Given the severe impact of CD on patients and their families [41,42], incomplete responses [43,44] and associated risks with immunosuppressive medications [45,46] versus the favorable side effect profile of AMAT [17,30], a trial of AMAT versus existing therapies should be initiated in pediatric CD. Furthermore, these results suggest that AMAT may end up being used as first-line therapy in treatment-naïve patients for all forms of CD including the severe category, reserving immunomodulators and biologics as rescue medications.

5. Conclusions

In conclusion, we report for the first time remission of CD with deep mucosal healing in treatment-naïve patients using AMAT. Although preliminary, these striking observations warrant randomized controlled trials of AMAT as first-line therapy for “treatment-naïve” CD patients versus those who have failed previous treatments. The results of the completed RHB-104 Phase III AMAT study (NCT01951326) [17] underscore the efficacy of AMAT in CD. Our results dictate that future trials also examine AMAT as a first-line rather than rescue therapy. In addition, a four-drug combination is thought to be optimal, and AMAT’s decreased side effect profile and omission of immune suppression therapy make it a favorable option for a future pediatric study.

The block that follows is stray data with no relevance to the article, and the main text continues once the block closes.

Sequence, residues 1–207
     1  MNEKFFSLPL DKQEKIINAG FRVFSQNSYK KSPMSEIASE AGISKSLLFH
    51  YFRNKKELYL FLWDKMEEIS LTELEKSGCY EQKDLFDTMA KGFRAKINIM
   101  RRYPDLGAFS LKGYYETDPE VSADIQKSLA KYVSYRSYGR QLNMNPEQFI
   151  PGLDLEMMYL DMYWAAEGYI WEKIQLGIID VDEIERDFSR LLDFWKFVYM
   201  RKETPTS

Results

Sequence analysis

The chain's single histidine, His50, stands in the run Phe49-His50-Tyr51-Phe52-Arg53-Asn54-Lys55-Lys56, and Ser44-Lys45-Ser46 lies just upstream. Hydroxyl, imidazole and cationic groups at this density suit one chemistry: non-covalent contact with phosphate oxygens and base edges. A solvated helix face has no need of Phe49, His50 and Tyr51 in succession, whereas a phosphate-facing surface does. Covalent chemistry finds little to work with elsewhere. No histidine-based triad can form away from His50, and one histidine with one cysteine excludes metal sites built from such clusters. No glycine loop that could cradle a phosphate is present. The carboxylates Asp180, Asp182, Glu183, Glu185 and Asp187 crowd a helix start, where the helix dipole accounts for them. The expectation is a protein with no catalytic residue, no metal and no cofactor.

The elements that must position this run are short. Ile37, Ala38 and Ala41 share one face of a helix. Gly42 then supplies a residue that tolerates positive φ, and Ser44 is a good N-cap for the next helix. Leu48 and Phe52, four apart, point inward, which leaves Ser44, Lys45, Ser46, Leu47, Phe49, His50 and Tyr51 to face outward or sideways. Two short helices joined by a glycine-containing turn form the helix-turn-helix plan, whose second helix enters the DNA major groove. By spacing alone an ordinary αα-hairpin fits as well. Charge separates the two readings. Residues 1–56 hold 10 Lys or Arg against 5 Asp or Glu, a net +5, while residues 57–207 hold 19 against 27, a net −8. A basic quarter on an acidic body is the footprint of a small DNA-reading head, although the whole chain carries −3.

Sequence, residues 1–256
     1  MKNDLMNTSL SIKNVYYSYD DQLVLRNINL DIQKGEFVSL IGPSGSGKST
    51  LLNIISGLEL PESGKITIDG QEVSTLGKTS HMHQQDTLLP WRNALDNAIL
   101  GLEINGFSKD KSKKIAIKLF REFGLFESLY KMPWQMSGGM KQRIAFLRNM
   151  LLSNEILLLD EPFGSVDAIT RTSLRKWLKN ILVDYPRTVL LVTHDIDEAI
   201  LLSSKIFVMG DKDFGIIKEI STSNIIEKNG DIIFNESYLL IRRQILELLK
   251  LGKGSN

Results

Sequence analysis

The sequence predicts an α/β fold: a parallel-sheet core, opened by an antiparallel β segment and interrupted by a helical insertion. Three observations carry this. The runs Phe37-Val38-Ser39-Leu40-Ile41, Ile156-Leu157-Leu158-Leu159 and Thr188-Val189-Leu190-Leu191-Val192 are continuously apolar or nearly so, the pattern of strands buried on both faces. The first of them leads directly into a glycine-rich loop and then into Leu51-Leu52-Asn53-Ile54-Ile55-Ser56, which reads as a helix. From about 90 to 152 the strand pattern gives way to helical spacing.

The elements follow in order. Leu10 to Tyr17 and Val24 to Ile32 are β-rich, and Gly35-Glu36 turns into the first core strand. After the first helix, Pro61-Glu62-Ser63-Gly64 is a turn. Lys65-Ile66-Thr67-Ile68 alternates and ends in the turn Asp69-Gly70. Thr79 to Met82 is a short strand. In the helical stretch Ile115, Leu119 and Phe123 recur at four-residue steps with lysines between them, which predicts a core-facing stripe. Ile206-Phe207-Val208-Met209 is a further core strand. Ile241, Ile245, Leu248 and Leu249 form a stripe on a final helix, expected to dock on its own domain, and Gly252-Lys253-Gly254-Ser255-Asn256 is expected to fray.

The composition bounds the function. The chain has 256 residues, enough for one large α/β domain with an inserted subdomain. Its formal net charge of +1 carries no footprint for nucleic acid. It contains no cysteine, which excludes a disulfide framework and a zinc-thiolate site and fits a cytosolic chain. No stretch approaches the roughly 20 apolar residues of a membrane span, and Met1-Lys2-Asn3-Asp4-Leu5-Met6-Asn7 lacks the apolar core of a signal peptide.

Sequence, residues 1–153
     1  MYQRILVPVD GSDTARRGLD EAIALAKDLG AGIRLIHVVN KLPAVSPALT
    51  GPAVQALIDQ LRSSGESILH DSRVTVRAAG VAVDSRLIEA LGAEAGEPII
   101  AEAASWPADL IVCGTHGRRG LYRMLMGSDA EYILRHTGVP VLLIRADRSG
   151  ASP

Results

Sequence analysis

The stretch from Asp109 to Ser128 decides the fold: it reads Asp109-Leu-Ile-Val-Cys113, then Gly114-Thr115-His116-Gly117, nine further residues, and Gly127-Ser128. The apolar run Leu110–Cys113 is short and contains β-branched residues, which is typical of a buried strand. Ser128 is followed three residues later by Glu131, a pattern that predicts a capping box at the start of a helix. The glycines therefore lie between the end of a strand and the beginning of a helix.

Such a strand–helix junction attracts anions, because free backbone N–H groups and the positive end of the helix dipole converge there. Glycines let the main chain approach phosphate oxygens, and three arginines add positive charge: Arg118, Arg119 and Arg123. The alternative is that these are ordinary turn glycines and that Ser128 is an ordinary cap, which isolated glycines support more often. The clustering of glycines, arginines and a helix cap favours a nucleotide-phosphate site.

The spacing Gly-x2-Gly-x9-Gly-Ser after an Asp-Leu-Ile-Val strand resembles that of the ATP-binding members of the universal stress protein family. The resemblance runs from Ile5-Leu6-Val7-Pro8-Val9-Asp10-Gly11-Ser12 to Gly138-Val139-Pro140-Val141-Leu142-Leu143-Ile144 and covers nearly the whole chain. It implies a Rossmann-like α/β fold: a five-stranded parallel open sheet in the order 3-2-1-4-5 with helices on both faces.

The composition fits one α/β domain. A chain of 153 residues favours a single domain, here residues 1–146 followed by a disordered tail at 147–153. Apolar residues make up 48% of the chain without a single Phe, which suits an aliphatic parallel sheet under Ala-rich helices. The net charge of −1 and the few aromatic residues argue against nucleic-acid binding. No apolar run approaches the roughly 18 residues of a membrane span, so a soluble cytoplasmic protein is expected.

Author Contributions

Conceptualization, T.B. and G.A.; methodology, T.B. and G.A.; formal analysis, G.A., S.R. and A.C.; data curation, R.S., R.H., G.A. and A.C.; writing (original draft preparation), G.A.; writing (review and editing), A.C.; supervision, T.J.B. and R.S. All authors have read and agreed to the published version of the manuscript.


This research received no external funding.

Conflicts of Interest

Thomas J. Borody has a pecuniary interest in the Centre for Digestive Disease and has filed patents for antibiotic therapies in Crohn’s disease. Dr. Agrawal, Dr. Ramrakha, Ms. Sharma, Dr. Huynh and Dr. Clancy have no disclosures.


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Figure 1. Improvement in terminal ileum inflammation following anti-mycobacterial antibiotic therapy (AMAT). (a) Patient 1: Initial view of inflamed, ulcerated terminal ileum (2011). (b) Patient 1: Follow-up view of the terminal ileum (2012). Healed mucosa showing healthy villi with some red clofazimine staining spots in the distal ileum.
Figure 1. Improvement in terminal ileum inflammation following anti-mycobacterial antibiotic therapy (AMAT). (a) Patient 1: Initial view of inflamed, ulcerated terminal ileum (2011). (b) Patient 1: Follow-up view of the terminal ileum (2012). Healed mucosa showing healthy villi with some red clofazimine staining spots in the distal ileum.
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Table 1. Summary of Clinical and Biochemical Response to AMAT.
Table 1. Summary of Clinical and Biochemical Response to AMAT.
Pt. Demographics (Gender, Age)BaselineTreatment6 Weeks12 Months
SymptomsCDAICRPSymptomsCRP (mg/L)SymptomsCDAICRP (mg/L)